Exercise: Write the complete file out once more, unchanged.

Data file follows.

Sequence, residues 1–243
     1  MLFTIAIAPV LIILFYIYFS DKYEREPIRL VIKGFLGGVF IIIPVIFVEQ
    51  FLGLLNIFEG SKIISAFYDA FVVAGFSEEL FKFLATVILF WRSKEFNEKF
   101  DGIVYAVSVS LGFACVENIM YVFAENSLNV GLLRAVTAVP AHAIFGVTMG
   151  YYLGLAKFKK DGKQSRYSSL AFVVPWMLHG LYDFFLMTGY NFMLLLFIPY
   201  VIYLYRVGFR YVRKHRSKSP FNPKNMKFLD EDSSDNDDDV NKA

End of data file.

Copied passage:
Sequence, residues 1–243
     1  MLFTIAIAPV LIILFYIYFS DKYEREPIRL VIKGFLGGVF IIIPVIFVEQ
    51  FLGLLNIFEG SKIISAFYDA FVVAGFSEEL FKFLATVILF WRSKEFNEKF
   101  DGIVYAVSVS LGFACVENIM YVFAENSLNV GLLRAVTAVP AHAIFGVTMG
   151  YYLGLAKFKK DGKQSRYSSL AFVVPWMLHG LYDFFLMTGY NFMLLLFIPY
   201  VIYLYRVGFR YVRKHRSKSP FNPKNMKFLD EDSSDNDDDV NKA